PAI White Paper
Mapping, as a means of communicating information about things in the real world, has been around for thousands of years. Its value has always been determined by how effectively and unambiguously it achieved this communication.
In a world where differential GPS provides centimetre-level accuracy and every smartphone includes a GPS receiver, there is an expectation that reference maps and associated data are maintained at a much higher level of positional accuracy to be fit for purposes.
As spatial datasets from various sources are integrated more frequently, it becomes essential that the positional accuracy of the data be fully understood, and improved, to avoid misinterpretation. Many reference maps were originally captured on paper at different scales. When these were digitised to create the first digital datasets, they effectively locked-in a positional accuracy deficit.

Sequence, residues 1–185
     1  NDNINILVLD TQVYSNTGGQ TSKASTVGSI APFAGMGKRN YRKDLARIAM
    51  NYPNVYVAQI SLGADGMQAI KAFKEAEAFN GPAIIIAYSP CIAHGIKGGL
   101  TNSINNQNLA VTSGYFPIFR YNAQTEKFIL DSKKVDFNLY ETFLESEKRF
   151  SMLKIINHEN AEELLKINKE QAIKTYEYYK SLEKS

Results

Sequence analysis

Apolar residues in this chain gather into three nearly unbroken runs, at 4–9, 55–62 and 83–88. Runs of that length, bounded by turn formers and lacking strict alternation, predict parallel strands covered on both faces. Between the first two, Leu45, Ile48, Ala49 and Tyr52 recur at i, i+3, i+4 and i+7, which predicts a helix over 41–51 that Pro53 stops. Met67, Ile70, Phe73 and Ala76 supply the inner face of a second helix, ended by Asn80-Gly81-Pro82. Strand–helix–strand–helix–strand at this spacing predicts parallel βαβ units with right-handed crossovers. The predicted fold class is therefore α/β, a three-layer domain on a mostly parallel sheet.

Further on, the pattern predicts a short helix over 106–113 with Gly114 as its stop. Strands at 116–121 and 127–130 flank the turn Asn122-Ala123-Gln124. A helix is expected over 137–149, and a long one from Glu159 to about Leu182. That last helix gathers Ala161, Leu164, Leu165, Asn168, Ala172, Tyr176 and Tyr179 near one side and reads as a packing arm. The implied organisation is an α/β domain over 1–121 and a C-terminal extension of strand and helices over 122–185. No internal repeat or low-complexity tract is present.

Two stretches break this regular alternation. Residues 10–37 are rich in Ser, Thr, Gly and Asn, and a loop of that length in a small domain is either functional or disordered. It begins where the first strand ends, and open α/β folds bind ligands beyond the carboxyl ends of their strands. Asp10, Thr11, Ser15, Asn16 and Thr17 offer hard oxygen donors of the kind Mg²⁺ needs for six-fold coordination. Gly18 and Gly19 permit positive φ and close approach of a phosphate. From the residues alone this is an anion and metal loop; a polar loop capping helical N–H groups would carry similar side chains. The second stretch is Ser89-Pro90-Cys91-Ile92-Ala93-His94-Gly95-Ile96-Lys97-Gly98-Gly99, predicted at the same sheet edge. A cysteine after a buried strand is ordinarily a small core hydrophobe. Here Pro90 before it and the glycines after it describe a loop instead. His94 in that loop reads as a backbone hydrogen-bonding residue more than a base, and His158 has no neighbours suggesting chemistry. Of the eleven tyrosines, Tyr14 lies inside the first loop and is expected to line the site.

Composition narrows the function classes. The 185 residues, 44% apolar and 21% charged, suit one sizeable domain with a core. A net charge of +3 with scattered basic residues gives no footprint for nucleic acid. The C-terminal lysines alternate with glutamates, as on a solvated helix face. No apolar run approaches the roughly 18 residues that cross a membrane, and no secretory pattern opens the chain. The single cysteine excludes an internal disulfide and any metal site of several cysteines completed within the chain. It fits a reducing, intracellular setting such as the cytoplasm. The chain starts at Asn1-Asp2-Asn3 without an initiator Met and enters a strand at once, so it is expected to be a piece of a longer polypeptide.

The result is that many reference base maps have needed positional improvement. Some have already been done, others are in the process. The far-reaching consequence is that any other datasets that were captured with reference to the original reference map now need to be updated to maintain their spatial relationship with the improved reference map. Examples include databases of asset locations (such as sewers, utility cables etc.) and records of land boundaries.
When a geospatial dataset is derived from a reference (base mapping) dataset – either by copying the geometries or digitising against the reference – a topological relationship, such as shared boundaries or connected endpoints, is created between the user’s dataset and the reference dataset. If the reference dataset is then upgraded with improved geometry positions, the user’s data needs to be re-synchronised with this improved reference to maintain the topological relationship. This is the process of Positional Accuracy Improvement or PAI.